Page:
Last month I attended a CNSTAT workshop https://sites.nationalacademies.org/DBASSE/CNSTAT/DBASSE_196518 on differentially private (DP) census data and left thinking that I need to get more hands-on experience with non-negative least squares optimization.

In the DP approach to disclosure avoidance that Census Bureau is planning, there is a “post-processing” step that improves the acceptability of imprecise DP counts of the number of individuals in a subgroup, like the voting age males who are non-Hispanic whites in King County census tract 89 http://ihmeuw.org/50cg. This improvement relies on non-negative least squares optimization. It finds fractional counts that sum to a known control total, that are not negative, and that minimize the sum of squared differences between these optimized counts and the DP imprecise counts. Sam Petti and I wrote out the details here, https://gatesopenresearch.org/articles/3-1722/v1 if you want to know more about this.

This blog is not about the DP details, but about how, in practice, I might try doing this sort of optimization. As anyone who has a PhD in Algorithms, Combinatorics, and Optimization can tell you, this sort of constrained convex optimization can be computed efficiently, meaning in time that scales like a polynomial function of the size of the instance. But when I was leaving graduate school, good luck if you wanted to actually solve a specific instance.

So I am quite pleased now to see how open-source software is making it possible today.

Ipopt https://github.com/coin-or/Ipopt#ipopt is an open-source interior point solver that can handle a quadratic objective function with linear equality and inequality constraints. My colleague Brad Bell has been a far of it for a decade, but until now I’ve just used it indirectly through his code.

Pyomo https://github.com/Pyomo/pyomo#pyomo-overview is a pythonic interface for many optimization solvers, including Ipopt, and now that I want to do something without Brad’s help, I’m glad to have it.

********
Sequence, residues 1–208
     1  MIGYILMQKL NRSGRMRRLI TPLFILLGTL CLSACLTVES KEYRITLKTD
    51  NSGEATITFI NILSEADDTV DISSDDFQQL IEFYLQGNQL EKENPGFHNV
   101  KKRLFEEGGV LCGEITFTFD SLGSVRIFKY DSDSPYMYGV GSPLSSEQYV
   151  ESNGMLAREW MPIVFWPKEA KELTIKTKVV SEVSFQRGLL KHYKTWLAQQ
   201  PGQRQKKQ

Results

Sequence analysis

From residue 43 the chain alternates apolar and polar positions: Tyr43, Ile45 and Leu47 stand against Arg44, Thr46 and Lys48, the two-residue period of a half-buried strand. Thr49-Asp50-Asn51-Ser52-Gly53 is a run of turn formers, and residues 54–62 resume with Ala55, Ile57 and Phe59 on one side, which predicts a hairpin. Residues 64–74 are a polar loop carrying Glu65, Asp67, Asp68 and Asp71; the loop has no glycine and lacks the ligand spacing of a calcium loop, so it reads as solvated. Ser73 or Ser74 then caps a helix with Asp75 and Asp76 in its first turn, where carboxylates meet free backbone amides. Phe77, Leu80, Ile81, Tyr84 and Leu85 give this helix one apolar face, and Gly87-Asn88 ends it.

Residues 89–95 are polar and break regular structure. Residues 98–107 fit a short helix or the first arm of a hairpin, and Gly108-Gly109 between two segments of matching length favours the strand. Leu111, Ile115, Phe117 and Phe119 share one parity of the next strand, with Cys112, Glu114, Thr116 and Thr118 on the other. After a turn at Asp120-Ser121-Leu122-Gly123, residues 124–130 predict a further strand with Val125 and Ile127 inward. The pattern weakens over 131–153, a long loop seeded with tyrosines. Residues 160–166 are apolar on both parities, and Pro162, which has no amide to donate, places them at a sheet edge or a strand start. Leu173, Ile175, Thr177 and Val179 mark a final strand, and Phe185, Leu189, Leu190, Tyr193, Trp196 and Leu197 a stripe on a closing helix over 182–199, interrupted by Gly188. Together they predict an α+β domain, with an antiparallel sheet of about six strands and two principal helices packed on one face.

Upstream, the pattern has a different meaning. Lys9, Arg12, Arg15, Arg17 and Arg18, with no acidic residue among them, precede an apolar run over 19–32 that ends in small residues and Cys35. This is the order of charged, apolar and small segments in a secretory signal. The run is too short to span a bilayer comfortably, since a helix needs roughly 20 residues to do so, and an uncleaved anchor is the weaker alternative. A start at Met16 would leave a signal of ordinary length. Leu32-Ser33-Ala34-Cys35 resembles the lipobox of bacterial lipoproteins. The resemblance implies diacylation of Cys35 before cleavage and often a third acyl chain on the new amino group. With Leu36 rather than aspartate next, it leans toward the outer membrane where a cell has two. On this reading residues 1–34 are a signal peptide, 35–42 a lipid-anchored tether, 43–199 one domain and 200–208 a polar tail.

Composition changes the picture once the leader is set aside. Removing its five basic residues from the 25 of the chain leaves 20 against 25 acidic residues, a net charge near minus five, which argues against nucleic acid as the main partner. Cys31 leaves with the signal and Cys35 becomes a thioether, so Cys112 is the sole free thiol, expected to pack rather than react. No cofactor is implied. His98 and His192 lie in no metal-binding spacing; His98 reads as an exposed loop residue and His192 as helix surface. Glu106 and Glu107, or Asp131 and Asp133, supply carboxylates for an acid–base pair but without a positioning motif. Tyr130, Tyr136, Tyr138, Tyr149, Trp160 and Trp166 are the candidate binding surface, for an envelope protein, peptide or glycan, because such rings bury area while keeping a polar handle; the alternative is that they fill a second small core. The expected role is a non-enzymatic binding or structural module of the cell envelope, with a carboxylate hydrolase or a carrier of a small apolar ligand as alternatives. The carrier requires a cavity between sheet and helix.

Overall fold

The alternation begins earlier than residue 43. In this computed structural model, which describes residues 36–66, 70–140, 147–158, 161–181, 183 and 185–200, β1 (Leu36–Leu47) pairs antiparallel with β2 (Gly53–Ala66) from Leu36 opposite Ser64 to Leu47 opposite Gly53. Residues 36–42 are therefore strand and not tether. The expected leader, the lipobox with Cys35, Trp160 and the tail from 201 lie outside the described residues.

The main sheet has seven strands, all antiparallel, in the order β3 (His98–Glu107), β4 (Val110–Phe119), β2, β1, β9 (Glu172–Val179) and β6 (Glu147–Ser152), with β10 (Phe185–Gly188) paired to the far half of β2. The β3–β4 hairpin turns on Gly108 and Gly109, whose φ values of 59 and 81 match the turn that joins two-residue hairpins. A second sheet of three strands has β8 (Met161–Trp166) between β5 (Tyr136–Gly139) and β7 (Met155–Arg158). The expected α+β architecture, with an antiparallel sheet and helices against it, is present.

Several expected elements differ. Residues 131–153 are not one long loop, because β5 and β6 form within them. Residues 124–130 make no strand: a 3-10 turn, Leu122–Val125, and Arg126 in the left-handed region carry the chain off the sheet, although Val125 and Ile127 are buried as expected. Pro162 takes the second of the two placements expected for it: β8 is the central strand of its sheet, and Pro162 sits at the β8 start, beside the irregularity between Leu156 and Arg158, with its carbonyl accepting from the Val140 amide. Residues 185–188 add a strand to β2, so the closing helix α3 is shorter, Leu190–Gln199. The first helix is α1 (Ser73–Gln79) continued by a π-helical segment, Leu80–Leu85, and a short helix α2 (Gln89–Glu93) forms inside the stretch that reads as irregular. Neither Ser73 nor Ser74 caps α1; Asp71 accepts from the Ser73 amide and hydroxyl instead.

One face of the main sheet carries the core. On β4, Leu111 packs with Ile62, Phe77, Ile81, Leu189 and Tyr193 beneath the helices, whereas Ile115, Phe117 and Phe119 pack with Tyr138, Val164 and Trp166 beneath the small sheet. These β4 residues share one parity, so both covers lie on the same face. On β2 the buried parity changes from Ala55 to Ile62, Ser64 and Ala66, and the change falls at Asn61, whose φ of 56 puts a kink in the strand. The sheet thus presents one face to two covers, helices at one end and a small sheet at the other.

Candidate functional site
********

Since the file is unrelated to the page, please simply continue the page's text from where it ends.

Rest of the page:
Here is a stripped down version of the optimization I want to do

I’m completely dedicated to the Anaconda python distribution at this point (as setup and used in Software Carpentry), and if you are using this approach you can get everything you need to do such an optimization with the following

```
conda install -c conda-forge pyomo ipopt
```

You can test if this is working by executing the following little snippet of code in an IPython shell or Jupyter Notebook:

```
from pyomo.core import *
from pyomo.opt import SolverFactory
m = ConcreteModel()
m.x = Var([1,2], within=NonNegativeReals)
m.objective = Objective(expr=m.x[1]**2 + m.x[2]**2)
m.constraint = Constraint(expr=m.x[1] + m.x[2] == 1)
solver = SolverFactory('ipopt')
results = solver.solve(m)
print('Optimal value of x:',
(value(m.x[1]), value(m.x[2])))
```

Here is a challenge, if you like such a thing: use this test and the nonnegative least squares formula above to make a function that takes a list of imprecise counts and a float for a control total, and returns the optimized (fractional) counts for them.

It does take a bit of fiddling to get the pyomo python right, and then there are plenty of options to Ipopt that might make the optimization work better in more complicated cases. I found the book Pyomo — Optimization Modeling in Python useful for the former (and a pdf from a talk entitled Pyomo Tutorial – OSTI.GOV a good substitute before I got my hands on the book). For the latter, I found an extensive webpage of Ipopt options gave me some good hints, especially when combined with web searching, which provided only some small utility on its own.)

It is so cool that this is now possible. Thanks to all who made it so, including some old friends who must have been working on this back when I was a summer intern at IBM.

And for readers who don’t like or don’t have time for the challenge of coding it up themselves (perhaps including myself a day or a year from now), here is a solution:

```
def nonnegative_optimize(imprecise_counts, control_total):
"""optimize the imprecise counts so that they sum to
the control total and are non-negative
Parameters
----------
imprecise_counts : list-like of floats
control_total : float
Results
-------
returns optimized_counts, which are close to imprecise
counts, but not negative, and match control total in
aggregate
"""
imprecise_counts = list(imprecise_counts)
model = ConcreteModel()
model.I = range(len(imprecise_counts))
model.x = Var(model.I, within=NonNegativeReals)
model.objective = Objective(
expr=sum((model.x[i] - imprecise_counts[i])**2
for i in model.I))
model.constraint = Constraint(
expr=summation(model.x) == control_total)
solver = SolverFactory('ipopt')
results = solver.solve(model)
optimized_counts = [value(model.x[i])
for i in model.I]
return optimized_counts
```

p.s. if you want to see what this looks like in action, or for convenience in replication efforts, find a Jupyter Notebook version of the code from this blog here: https://gist.github.com/aflaxman/d7b39fc8cd5805e344a66f9c9d16acf7